Remember the mnemonic SPARSafety, Purpose, Action, Reflection. In this case, the purpose of the session will be to hone getting the pistol from rest to a first shot in the fastest time possible.

DRAWING FROM THE HOLSTER

To practice this, don your normal holster rig, and, if you’re practicing for IDPA, your normal cover garment. As with before, make sure your gun is unloaded, and all ammunition is removed from the room. This is especially vital if you will be practicing with magazines.

Starting with your hands in the desired initial position (relaxed or surrender) start out by drawing very slowly and intentionally, pressing out, and getting a good sight alignment. Press the trigger, and make sure the sights stay aligned. Concentrate on getting all the parts of the draw perfect. Speed is not the issue at this point.

Slowly increase speed until you are perfectly drawing as fast as you can. Then slow that  back to 3/4 speed for most of the session.

Perform this with as many different hand positions as you can think of. Work on these with both hands, and with your strong hand and weak hand alone. Remember, you will see this in a stage, as well as a classifier or qualifier.

STARTING WITH THE GUN SOMEWHERE OTHER THAN THE HOLSTER

Many USPSA stages start with the gun unloaded on a table or somewhere other than in the holster. So it make sense to practice this. I usually practice it several ways:

  • Standing, gun unloaded on a table. Grab the gun, insert a magazine, rack, press out to aim, and fire. Repeat.
  • Seated, as above.
  • Standing, gun unloaded on a table some distance away, magazine on a different table, some distance away. There are two ways to do this, grab the magazine first or grab the gun first. In a perfect world I grab the magazine first, but I practice it both ways, since I never know what sill come up in a stage.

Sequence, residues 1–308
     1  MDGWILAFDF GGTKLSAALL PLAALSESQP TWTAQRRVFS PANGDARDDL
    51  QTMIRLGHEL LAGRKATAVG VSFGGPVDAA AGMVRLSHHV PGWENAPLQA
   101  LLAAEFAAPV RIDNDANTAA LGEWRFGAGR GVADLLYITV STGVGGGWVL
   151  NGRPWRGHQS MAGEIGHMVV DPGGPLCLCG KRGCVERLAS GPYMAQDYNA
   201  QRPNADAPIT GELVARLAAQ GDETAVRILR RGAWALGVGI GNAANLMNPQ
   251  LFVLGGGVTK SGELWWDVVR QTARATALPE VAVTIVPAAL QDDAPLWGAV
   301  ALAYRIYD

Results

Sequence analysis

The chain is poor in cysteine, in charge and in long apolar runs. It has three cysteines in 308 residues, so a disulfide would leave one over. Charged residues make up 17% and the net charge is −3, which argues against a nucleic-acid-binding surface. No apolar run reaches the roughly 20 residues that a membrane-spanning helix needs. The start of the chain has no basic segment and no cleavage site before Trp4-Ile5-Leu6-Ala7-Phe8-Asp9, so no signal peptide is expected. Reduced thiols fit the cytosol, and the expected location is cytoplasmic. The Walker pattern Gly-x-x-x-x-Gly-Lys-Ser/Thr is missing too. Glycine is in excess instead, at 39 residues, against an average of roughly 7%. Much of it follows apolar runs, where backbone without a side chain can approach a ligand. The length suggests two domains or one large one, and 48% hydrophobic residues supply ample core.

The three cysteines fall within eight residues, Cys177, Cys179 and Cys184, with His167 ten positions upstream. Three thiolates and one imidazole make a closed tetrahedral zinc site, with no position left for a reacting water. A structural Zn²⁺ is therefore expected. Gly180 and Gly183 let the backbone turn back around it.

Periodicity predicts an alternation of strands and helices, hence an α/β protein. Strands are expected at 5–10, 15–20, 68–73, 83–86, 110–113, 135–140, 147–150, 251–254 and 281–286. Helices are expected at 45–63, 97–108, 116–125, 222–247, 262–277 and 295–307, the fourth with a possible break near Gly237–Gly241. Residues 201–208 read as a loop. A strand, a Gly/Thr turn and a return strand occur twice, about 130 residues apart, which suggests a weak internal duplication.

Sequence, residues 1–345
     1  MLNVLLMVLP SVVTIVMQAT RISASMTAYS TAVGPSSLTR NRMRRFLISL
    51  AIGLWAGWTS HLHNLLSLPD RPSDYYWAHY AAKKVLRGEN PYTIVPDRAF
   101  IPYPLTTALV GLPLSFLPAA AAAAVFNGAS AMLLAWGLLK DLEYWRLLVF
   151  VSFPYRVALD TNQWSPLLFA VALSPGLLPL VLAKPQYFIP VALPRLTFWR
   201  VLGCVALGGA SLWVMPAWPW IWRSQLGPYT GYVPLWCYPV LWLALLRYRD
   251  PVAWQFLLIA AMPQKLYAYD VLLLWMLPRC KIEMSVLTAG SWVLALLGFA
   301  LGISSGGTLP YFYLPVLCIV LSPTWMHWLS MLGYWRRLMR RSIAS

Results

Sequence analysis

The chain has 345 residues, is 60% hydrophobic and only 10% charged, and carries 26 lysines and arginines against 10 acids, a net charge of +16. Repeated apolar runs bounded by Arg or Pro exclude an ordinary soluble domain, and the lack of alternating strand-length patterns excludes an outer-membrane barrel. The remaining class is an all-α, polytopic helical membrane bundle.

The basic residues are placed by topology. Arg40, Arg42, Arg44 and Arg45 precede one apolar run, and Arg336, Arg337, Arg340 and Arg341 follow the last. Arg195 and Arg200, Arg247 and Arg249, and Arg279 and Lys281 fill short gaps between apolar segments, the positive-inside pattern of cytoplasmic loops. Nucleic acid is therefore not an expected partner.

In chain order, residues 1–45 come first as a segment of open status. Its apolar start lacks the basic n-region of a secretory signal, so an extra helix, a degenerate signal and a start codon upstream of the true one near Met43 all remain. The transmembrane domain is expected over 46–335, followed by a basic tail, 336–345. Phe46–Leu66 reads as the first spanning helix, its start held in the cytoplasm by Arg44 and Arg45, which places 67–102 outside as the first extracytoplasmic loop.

• Standing or seated, with the gun in a drawer. This one is used a lot in IDPA stages.

STARTING WITH THE GUN AT READY

I devote the most practice to this, because this move is the most versatile. Think about it – starting with the gun at ready, I press out to the target, aim, and fire. This is what happens at the start of a GSSF stage and a Ruger Rimfire stage, but it’s also what happens every time I move from one shooting position to another in USPSA or IDPA.

This is where I have cut out the most wasted time, and I’ll share with you how. Watch a lot of shooters and you will see this: from ready, they press the gun out, bring it up to eye level, overshoot, bring it back down, overshoot, bring it back up, get the sights in alignment, and shoot.

What you see if the gun going out, then up, then bobbing up and down a few times until it stops. Then, they take aim, and fire.

What I learned to do is to bring the gun up to eye level as I press it forward. When it gets to eye level, I am still pressing out, and I am aligning the sights. Once the arms are extended, the sights are aligned, and I fire. Using a shot timer, I can go from ready to a first shot on target in less than a second. The key is to start aiming as the gun goes forward, and when the sights are on the target, fire.